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Web’s history linked to Southampton

Published: 
23 December 2015
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It was 25 years ago - in December 1990 - that Sir Tim Berners-Lee, now a Professor in Computer Science at the University of Southampton, published the first ever website while working at CERN, the European Organisation for Nuclear Research.

That first page wasn’t truly public but it most certainly laid the groundwork for what we can all now access online. In the first 10 years, some 17.1 million websites emerged and now, a quarter of a century later, we can access just under one billion sites.

The World Wide Web is now integrated into the everyday lives of billions of people across the planet, shaping how we do business, conduct our social lives and organise politically.

Another of Southampton’s Web trailblazers, Professor Dame Wendy Hall, remembers Sir Tim’s demonstration of his ideas in the early 1990s but admits “few could predict that the World Wide Web would become the dominant and universal information system we all use today. At the time, only a few visionaries had it in mind that this new innovation would fundamentally change our lives so much.”

The University has played a significant role in Computer Science and the development of the Web over the last 25 years and it continues to lead applied research into the power of the information that the Web holds and the ways it continues to transform our lives.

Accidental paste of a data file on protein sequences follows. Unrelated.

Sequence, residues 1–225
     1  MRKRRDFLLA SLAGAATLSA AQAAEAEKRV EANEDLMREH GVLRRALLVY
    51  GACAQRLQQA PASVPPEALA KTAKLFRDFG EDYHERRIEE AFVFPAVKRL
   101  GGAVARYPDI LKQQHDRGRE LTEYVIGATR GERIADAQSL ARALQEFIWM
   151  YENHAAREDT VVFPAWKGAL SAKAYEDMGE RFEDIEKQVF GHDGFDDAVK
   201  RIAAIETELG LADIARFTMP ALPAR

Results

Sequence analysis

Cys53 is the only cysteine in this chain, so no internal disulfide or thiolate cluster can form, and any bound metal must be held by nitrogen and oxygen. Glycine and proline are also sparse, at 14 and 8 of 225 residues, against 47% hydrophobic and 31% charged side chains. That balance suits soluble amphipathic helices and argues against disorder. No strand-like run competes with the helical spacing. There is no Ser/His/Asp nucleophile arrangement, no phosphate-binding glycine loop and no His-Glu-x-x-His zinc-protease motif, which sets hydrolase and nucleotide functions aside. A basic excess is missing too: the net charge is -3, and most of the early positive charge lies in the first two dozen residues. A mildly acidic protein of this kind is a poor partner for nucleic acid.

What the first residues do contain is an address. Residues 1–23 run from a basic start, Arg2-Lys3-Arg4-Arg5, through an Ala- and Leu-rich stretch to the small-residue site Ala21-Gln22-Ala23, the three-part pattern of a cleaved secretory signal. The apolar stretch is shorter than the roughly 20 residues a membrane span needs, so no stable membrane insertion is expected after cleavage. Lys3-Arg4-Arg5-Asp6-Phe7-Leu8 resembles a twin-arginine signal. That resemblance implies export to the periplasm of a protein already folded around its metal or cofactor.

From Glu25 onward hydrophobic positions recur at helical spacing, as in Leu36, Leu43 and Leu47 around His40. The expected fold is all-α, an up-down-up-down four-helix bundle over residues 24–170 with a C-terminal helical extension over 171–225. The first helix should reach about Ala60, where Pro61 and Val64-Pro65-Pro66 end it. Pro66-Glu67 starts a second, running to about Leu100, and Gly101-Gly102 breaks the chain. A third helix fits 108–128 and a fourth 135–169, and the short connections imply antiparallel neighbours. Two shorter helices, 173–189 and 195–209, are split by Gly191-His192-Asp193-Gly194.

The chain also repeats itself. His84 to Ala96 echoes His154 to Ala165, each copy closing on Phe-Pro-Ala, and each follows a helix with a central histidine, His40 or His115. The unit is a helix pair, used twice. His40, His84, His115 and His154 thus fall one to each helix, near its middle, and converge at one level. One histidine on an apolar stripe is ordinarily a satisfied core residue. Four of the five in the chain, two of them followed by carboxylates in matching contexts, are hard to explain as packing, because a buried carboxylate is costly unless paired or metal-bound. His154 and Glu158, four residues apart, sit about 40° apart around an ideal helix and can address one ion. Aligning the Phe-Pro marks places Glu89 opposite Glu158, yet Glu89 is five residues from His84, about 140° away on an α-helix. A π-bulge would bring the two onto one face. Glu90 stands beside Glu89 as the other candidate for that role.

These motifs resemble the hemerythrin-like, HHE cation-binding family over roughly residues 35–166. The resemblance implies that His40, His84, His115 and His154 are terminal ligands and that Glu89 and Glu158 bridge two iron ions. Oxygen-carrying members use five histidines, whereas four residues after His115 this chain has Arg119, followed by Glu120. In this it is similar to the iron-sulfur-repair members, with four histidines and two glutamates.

Southampton’s world-leading achievements in Computer Science include the development of pioneering hypermedia systems in the late 1980s and laying the foundations of agent-based computing and intelligent systems since the late 1990s. The University is also recognised around the globe for founding and fostering Web Science as an academic discipline, led by Dame Wendy, Sir Tim and Professor Sir Nigel Shadbolt, former head of Southampton’s Web and Internet Science Research Group and Chair of the UK’s Open Data Institute.

In 2014, the University launched the Web Science Institute (WSI) to investigate how the World Wide Web is changing the world and the world is changing the Web. The WSI’s interdisciplinary research includes the Web Observatory and the unique SOCIAM project, which aims to create a greater understanding of ‘social machines’ including the World Wide Web.

As we celebrate the 25th Anniversary of the first website, Southampton is leading the way about how we think about the role Web Science can play in helping to shape the future Web we want.

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